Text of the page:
A few Wednesdays ago I headed to my local comic shop and purchased a trio of books I am currently reading. While the Big 2 are very well represented in my local shop (and then some!), on this particular Wednesday, my choices highlighted some of the great companies and stories that exist in the industry beyond the Big 2.
The first of the trio I'll be talking about is from the biggest and most important non-Big 2 company:
Starve #10, Image Comics
In my last career I was a chef, and worked for nearly two decades in the food industry, at least half in fine dining. I saw Brian Wood, Danijel Zezelj, and Dave Stewart's "Starve" highlighted last year in an issue of Comic Shop News and decided to check it out.
I got the first five issues, and, after the hiatus, picked up the next---and last---five issues. This issue, #10, marks the end of the series. This saddens us hardcore fans, if only because we'd like to watch Gavin and Angie start the revolution that was alluded to in the first issue. Of course, that revolution is addressed in issue 10, and the selfishness of wanting said revolution, and we are left just trying to be happy and excited for Angie to start her own place.
It could have been the years spent in Brooklyn, but the views of Gavin starting his own place on what looks like Broadway (in Bed-Stuy) were the most exciting parts of the story for me. My view was shaded by nostalgia, but any world where a comic book series about a dystopian future and bad-foodie-culture causes drugged out chefs to want to start a revolution is a world I'm proud to be a part of.
The next book is from my favorite company, and is a title I got into with the start of the Analogue Man story-line back with issue #10 of that series:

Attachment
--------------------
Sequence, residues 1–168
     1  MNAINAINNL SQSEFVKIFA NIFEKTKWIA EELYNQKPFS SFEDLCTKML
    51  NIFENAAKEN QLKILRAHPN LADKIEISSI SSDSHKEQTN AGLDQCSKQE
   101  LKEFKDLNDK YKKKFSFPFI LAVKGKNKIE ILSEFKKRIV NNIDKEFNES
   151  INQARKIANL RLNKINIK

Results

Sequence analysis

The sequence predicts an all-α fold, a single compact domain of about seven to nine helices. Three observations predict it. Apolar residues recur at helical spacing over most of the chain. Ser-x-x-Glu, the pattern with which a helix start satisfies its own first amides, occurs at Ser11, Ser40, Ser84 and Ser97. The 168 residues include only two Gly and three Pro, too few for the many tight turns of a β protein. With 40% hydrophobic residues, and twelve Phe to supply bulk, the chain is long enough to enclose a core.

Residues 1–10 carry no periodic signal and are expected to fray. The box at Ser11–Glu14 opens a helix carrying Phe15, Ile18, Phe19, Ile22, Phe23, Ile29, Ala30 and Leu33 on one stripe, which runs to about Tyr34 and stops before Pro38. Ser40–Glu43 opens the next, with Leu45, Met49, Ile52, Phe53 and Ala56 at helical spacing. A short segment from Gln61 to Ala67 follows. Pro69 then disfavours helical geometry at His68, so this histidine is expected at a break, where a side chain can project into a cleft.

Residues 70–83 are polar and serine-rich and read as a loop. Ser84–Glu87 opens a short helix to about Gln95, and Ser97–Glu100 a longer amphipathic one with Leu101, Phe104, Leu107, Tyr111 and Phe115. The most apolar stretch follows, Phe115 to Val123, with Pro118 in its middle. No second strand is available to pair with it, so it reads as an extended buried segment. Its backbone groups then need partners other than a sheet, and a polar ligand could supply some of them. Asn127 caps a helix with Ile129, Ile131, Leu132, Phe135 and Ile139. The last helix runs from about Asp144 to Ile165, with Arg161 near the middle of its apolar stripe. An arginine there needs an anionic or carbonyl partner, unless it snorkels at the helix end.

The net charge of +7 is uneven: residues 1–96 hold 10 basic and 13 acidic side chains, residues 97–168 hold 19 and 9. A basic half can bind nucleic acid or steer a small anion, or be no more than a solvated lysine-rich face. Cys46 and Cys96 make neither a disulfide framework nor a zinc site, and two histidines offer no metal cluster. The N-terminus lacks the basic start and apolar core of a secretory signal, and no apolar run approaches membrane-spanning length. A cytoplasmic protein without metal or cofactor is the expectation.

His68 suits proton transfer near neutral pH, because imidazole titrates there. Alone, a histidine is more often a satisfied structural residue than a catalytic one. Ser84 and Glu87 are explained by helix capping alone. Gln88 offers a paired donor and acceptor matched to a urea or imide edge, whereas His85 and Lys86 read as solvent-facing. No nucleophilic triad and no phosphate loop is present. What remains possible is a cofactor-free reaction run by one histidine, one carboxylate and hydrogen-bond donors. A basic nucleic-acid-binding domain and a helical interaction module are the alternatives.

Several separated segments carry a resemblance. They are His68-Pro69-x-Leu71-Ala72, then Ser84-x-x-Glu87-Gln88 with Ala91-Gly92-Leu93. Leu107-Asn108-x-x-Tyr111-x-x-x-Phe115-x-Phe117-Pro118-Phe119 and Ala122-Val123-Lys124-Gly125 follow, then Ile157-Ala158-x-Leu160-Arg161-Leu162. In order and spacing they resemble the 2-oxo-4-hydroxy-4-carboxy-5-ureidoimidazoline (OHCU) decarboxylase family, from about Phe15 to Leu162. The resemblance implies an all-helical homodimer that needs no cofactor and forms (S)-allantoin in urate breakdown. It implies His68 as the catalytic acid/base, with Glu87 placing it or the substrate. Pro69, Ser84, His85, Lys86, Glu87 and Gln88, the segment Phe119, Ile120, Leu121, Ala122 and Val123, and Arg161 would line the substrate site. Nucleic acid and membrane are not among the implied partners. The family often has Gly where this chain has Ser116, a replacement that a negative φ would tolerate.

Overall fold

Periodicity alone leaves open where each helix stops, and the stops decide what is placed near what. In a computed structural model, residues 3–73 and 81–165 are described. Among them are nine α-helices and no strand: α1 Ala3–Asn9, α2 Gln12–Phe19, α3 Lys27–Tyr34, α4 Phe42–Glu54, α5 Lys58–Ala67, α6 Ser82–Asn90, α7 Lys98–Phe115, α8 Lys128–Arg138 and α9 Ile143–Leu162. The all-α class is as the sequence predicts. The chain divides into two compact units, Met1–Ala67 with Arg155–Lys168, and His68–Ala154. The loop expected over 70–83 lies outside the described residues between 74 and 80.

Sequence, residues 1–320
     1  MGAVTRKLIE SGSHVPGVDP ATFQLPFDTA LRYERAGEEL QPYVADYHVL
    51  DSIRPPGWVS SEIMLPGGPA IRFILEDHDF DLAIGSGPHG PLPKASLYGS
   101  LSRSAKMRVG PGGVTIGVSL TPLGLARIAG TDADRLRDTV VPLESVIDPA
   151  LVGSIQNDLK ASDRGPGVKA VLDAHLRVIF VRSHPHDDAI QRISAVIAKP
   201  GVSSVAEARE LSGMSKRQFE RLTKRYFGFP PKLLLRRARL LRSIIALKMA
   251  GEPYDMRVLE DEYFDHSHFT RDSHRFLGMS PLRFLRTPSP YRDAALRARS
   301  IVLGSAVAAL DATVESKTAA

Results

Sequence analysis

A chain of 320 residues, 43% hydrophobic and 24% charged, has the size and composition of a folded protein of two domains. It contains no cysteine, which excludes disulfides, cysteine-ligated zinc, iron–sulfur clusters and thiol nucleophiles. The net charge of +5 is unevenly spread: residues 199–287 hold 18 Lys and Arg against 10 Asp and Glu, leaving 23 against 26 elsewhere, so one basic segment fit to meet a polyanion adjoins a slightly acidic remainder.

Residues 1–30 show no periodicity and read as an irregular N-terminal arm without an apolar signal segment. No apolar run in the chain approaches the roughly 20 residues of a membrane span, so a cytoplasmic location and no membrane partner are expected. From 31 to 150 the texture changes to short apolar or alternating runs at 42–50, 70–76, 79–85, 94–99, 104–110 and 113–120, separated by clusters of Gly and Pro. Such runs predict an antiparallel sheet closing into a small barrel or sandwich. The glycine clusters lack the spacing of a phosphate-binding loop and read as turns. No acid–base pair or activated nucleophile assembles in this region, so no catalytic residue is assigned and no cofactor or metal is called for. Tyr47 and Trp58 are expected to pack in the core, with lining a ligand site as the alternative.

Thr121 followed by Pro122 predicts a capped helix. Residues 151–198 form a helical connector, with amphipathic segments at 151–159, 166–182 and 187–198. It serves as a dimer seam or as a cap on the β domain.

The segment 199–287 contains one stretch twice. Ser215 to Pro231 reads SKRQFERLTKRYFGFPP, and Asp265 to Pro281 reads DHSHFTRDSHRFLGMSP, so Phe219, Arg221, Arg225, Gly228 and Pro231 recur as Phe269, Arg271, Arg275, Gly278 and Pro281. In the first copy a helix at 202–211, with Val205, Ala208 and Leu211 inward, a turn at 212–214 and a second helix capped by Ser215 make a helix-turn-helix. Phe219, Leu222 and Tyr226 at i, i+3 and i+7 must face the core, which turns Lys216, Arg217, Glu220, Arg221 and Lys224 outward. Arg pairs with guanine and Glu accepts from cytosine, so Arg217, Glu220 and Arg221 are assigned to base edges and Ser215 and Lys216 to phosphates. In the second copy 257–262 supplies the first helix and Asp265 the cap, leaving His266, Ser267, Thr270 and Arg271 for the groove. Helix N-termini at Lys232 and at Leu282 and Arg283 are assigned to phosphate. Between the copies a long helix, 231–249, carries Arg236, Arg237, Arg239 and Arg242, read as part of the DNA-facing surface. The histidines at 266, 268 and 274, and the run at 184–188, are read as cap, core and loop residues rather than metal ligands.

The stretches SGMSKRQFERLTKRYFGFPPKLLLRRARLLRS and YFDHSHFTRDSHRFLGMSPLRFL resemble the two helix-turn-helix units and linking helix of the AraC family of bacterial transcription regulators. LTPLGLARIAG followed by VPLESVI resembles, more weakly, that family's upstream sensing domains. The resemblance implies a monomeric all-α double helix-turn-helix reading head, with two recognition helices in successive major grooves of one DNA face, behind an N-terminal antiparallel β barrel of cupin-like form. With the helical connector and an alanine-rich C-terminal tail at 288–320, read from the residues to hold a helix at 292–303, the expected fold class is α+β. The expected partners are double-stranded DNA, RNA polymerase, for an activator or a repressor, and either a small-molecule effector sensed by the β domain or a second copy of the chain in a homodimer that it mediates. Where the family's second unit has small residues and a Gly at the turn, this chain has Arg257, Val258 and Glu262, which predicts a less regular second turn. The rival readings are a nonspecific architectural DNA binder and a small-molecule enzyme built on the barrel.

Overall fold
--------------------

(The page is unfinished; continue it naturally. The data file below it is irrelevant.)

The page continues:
Bloodshot Reborn #14, Valiant Comics
This kicks off both the Bloodshot Island story-line and new villain Deathmate, and the return to the title of artist Mico Suayan. Mico was nominated for a Harvey Award this year, and reading this title shows why that makes a ton of sense.
The Analogue Man arc was beautifully painted and presented in Valiant's "Prestige Format," similar to the Divinity titles and the upcoming Britannia mini-series, but here Mico is back and the detail is outrageous.
The story, from Jeff Lemire, has Bloodshot finding himself stuck on an island with other nanite-infested soldier-projects and all being hunted by the killing-machine/lady Deathmate.
Bloodshot is Valiant's action comic, and this one delivers.
The last of the trio is the new issue from a new company I really enjoy, newest fare from Black Mask's hottest new title:
4 Kids Walk into a Bank #2 (of 5), Black Mask Studios
The cover plays up the opening scene from the issue, where, like the first issue, the 4 eponymous kids are rendered as characters they're playing in a game. In issue #1 it was a role playing game like D&D, but here it's a video game.
Paige gets into trouble, confronts her dad about the scummy guys who came to see him (she's resourceful when it comes to scoring information), and both her and her dad make promises they can't keep.
It's a surprisingly touching and amusing title, and like Starve, something totally out-there in the market.
I would fully and excitedly recommend each of these titles. I bought my graphic-novel-liking coworker the Starve Vol. 1 collection, and talk up Valiant to my students all the time (Ninjak may be my favorite).